Barbecue Marinara


Barbecue spaghetti may be new to northerners, but not to the people in Memphis, Tennessee. AFC leaves the animal out and shows you how to make a quick Barbecue Marinara – two sauces combined – marinara and barbecue! An easy restaurant or home dish!!

Serve over spaghetti or linguini, then top with shredded veggie cheese – Daiya Dairy Free makes a good block of Monterey Jack. Then enjoy the twirl!!

Serves 4

CNAP ClipBoard: Combining barbecue sauce with a traditional marinara sauce creates an exceptionally rich palate experience. You can call it an Italian Barbecue or the Southern Italian. You pick. Or even better, come up with something new!

24 oz. jar DELALLO TOMATO BASIL PASTA SAUCE (or your favorite jarred sauce)

2 T. jarred minced garlic

1/4 c. HEINZ KENTUCKY BOURBON BARBECUE SAUCE – I chose this barbecue sauce for it’s richness and thickness

2 T. extra virgin olive oil

1 t. liquid smoke

1 t. dried basil

1/2 t. dried mint

1/2 t. dried oregano

1/4 t. ground allspice

light sprinkle red cayenne pepper

fresh grind black pepper

salt to taste

1 lb. spaghetti or linguini – cook according to pkg. instructions, in lots of sufficiently salted boiling water, then drain, rinse lightly under cool water

Combine all sauce ingredients in saucepan, stirring after each addition. Cook, on low heat, uncovered, for about 30 minutes.

Serve over cooked spaghetti or linguini, then top with veggie cheese.

7.1 oz. block Daiya MONTEREY JACK STYLE CHEESE, shredded over large holes of hand grater

Notes: All those tiny bits of white you see in the sauce aren’t seeds. It’s minced garlic. We like a lot of garlic in our sauces, so we use a lot. 


Making Mashed Garlic

Garlic already mashed comes in handy when you want to make garlic bread or don’t feel like peeling, dicing and mashing. Of course you could buy it pre-mashed in the jar from the grocery, and I often do that, but sometimes I just want fresh mashed. So this is how I do it.

You can purchase whole bulbs and peel your own, but it takes a lot of time. The grocery stores around where I live all sell containers of pre-peeled whole garlic cloves, which makes the mashing all that less time-consuming.

I also have a small food processor in addition to a large one, so can process small batches.

Process as much as you like. I buy a small container at a time so it doesn’t go bad. For this batch I used 0.365 lbs. Although 5.99 per pound sounds expensive, it actually isn’t because garlic doesn’t weigh much.

Creamy Garlic Mash

approx. 1 c. whole, peeled garlic cloves

approx. 1/3 c. extra virgin olive oil

juice of 1-2 ripe, juicy limes

approx. 1/3 c. white Balsamic vinegar

salt to taste

Place garlic cloves in food processor and process till diced.

Drizzle as much oil as you like into garlic and process till mealy.

Add the lime juice and as much white Balsamic vinegar as you like, then process till fairly smooth, but creamy.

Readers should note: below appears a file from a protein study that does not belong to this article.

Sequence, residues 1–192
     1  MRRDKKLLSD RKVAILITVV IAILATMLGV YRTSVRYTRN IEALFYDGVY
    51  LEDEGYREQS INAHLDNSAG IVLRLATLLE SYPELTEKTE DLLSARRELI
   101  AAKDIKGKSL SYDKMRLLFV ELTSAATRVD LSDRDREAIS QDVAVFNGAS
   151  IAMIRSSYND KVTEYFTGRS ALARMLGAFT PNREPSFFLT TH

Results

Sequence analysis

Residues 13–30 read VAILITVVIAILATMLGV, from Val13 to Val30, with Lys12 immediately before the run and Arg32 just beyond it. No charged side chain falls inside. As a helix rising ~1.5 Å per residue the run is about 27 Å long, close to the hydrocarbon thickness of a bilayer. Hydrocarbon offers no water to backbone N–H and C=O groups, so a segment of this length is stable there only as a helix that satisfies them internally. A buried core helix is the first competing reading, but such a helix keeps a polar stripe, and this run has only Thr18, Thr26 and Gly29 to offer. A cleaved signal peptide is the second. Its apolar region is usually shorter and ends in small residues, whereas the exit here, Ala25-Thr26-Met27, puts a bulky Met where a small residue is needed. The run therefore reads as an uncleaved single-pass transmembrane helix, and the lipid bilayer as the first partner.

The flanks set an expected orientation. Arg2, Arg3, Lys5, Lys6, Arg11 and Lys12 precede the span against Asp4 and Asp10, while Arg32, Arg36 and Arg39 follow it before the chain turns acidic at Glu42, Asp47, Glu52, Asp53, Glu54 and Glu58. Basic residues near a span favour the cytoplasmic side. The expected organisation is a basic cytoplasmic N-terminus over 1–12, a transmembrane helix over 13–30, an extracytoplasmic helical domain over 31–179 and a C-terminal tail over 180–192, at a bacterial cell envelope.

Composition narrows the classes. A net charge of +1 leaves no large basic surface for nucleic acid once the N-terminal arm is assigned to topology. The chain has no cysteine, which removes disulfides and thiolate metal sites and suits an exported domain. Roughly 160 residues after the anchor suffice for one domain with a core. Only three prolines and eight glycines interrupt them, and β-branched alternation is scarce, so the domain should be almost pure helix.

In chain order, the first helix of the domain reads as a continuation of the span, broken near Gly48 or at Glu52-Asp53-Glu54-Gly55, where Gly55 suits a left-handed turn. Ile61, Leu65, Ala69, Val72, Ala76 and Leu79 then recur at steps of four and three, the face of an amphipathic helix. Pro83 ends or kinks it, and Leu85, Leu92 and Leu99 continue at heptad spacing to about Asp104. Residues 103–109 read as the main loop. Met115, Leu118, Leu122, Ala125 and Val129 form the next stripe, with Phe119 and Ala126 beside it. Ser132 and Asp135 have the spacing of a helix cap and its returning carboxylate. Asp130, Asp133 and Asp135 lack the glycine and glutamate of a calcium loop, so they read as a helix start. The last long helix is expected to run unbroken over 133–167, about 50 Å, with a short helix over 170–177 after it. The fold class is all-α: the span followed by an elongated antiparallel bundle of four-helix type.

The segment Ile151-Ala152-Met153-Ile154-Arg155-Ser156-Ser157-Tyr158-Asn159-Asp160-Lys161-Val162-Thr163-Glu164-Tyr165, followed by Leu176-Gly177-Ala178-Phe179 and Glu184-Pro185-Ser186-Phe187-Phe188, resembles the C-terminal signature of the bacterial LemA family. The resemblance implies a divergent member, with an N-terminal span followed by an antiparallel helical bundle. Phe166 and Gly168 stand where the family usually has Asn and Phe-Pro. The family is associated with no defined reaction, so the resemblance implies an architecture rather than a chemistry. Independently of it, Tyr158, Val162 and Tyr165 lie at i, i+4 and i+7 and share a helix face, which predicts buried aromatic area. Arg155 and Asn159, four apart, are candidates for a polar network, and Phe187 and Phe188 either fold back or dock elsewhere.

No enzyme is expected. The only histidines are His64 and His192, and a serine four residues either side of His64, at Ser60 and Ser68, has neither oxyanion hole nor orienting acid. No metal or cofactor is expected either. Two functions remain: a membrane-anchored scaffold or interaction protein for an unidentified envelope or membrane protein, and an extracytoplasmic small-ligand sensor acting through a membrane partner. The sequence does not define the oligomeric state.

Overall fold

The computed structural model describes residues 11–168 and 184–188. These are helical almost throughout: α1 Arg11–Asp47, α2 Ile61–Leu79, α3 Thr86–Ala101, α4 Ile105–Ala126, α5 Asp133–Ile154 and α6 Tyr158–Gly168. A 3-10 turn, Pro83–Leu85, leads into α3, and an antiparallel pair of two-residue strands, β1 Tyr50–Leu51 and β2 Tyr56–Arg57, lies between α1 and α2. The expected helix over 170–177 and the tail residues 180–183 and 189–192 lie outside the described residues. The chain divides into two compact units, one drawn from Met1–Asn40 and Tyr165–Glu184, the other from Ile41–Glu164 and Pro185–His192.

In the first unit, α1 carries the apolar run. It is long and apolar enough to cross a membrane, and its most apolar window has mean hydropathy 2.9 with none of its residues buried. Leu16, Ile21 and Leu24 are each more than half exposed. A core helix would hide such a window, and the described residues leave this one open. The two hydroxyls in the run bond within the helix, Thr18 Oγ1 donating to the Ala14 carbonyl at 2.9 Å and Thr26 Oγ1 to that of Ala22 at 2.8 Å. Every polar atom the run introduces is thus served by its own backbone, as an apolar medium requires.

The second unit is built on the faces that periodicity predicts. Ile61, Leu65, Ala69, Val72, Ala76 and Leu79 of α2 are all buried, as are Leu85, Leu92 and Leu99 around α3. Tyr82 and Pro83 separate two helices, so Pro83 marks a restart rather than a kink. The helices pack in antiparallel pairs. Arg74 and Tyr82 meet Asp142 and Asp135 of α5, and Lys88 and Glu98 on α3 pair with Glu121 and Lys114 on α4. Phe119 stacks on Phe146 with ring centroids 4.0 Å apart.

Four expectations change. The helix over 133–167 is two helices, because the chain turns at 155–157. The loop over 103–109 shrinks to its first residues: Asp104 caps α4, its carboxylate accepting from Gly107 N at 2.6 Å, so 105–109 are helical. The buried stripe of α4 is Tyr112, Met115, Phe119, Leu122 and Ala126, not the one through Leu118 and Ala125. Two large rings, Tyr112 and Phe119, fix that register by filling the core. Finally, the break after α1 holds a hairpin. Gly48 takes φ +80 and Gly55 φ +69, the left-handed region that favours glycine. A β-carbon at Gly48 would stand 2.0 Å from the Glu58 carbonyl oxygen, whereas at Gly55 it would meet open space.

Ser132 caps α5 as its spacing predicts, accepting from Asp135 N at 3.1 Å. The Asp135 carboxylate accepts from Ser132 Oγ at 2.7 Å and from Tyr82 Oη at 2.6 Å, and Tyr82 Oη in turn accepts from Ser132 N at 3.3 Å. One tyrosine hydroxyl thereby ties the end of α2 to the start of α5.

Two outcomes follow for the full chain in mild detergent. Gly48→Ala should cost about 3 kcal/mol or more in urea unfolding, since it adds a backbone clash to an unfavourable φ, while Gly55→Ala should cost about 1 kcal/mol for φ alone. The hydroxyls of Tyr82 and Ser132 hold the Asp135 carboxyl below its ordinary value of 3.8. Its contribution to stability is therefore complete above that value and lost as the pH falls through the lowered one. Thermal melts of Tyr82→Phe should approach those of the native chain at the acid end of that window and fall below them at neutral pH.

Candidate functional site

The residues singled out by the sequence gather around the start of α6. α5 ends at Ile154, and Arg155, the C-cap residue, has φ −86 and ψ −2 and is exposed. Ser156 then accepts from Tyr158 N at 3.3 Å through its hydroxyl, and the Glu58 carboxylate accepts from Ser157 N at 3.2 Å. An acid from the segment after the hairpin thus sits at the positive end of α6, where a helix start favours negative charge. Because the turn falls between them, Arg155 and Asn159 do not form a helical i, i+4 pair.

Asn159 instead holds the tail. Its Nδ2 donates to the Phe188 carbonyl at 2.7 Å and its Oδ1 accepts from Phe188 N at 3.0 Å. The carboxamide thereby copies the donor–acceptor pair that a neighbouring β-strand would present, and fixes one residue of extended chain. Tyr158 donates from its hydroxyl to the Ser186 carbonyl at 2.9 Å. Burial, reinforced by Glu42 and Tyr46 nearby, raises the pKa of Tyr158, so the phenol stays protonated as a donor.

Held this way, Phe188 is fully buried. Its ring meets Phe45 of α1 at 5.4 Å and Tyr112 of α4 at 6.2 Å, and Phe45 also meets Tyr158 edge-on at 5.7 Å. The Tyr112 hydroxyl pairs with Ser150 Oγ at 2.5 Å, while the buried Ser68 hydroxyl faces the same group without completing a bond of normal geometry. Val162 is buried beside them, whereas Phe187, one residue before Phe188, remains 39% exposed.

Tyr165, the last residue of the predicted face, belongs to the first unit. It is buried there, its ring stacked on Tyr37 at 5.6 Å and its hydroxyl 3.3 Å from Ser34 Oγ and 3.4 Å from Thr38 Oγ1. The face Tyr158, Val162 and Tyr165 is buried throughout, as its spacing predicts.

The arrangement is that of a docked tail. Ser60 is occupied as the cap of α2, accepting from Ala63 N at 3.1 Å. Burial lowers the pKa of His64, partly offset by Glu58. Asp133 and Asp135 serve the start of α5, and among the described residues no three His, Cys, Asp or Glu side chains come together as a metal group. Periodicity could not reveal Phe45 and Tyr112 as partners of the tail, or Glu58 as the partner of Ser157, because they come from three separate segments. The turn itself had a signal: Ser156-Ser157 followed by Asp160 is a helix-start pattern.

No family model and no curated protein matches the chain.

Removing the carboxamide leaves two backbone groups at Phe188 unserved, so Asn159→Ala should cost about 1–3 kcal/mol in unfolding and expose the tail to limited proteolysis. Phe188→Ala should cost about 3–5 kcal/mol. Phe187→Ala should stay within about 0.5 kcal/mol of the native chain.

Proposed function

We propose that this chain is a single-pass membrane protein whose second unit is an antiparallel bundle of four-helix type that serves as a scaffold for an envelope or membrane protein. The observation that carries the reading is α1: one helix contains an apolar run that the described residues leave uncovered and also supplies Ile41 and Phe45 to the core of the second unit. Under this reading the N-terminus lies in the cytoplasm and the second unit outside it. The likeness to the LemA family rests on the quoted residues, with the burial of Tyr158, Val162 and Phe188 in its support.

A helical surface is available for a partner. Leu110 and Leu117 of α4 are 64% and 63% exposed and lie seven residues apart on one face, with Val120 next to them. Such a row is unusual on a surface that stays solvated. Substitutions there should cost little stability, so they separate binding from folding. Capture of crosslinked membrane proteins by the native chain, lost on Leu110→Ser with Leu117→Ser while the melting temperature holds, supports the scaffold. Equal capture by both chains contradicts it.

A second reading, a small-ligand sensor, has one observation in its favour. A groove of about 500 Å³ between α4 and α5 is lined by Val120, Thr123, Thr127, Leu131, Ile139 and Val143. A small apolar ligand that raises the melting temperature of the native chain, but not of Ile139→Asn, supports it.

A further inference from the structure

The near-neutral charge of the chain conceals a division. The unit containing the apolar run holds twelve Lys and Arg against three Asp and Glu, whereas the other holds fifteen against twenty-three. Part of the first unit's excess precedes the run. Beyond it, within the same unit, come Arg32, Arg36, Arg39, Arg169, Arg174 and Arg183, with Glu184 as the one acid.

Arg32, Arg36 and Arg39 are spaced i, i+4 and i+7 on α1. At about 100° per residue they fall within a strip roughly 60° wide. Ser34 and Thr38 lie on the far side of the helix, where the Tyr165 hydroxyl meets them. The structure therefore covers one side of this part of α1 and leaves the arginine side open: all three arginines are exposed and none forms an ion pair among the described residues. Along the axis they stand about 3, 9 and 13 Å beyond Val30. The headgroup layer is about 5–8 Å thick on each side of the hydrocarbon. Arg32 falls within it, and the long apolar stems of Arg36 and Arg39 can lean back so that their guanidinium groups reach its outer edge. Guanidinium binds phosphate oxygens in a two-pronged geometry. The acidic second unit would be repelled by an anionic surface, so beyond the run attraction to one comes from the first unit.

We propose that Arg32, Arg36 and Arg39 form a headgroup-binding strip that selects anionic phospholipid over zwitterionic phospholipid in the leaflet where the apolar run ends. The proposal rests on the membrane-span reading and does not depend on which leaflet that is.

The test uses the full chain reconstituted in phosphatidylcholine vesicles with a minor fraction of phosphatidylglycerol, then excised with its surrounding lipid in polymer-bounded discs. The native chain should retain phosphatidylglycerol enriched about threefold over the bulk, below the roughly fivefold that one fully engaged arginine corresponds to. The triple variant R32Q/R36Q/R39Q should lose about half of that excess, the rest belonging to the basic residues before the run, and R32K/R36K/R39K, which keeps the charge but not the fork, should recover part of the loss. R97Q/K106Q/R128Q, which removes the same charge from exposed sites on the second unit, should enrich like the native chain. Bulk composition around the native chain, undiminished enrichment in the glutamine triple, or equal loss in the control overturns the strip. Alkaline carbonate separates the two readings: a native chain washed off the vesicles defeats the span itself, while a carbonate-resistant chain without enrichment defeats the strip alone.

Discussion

I like to keep some texture in it, so people will know it’s garlic, but you do as you want. I haven’t tried extra creamy yet, but I will.

Salt to taste, process again, then transfer to covered container and refrigerate till ready to use.

This garlic preparation has a buttery look to it. It is potent, however, so be careful that you don’t use too much.

The first thing I do with it today is make garlic bread to go along with the Beyond Bolognese Pasta Sauce I made.

What you’ll need:

loaf of Italian bread, unsliced


extra virgin olive oil

Creamy Garlic Mash

fresh grind black pepper

fresh grind soy bacon bits

additional Creamy Garlic Mash

Take whole loaf of Italian bread and cut it in half, crosswise, then cut in half horizontally, producing 4 flat segments.

Spread margarine evenly on 2 segments, all the way to the edges.

Spread extra virgin olive oil on the remaining 2 segments, all the way to the edges. The best way to spread olive oil on bread is with a pastry brush, so you don’t use too much oil.

Now, spread about 1 tablespoon mashed garlic on each of the 4 segments.

Sprinkle each with fresh grind black pepper, then with fresh grind soy bacon bits.

Preheat broiler.

Place breads on rack over baking sheet. Place under broiler and broil till browned or till desired crispness is achieved.

It won’t take long, so stay in the kitchen. Remove from broiler. When not too hot to handle, spread another tablespoon Cream Garlic Mash across each segment, cut into strips and serve.

Use dipping sauce or serve as is.

As you can see, Steve and I like ours charred. if serving guests, I would be much more conservative with the char part.

Notes: I bought a second pepper mill just so I could fill it with dried soy bacon bits and grind them onto whatever I want. It keeps from experiencing the hard bits to the teeth and gums and allows for the flavor of the bits to emerge without having to soften them in a recipe first. It’s just a different way to garnish, that I happen to like.




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Greek olives, beets, onion soup mix, extra virgin olive oil and spices combine to create a light, salty, savory gravy that everybody will love – vegans and animal-eaters alike!

Makes about 4 cups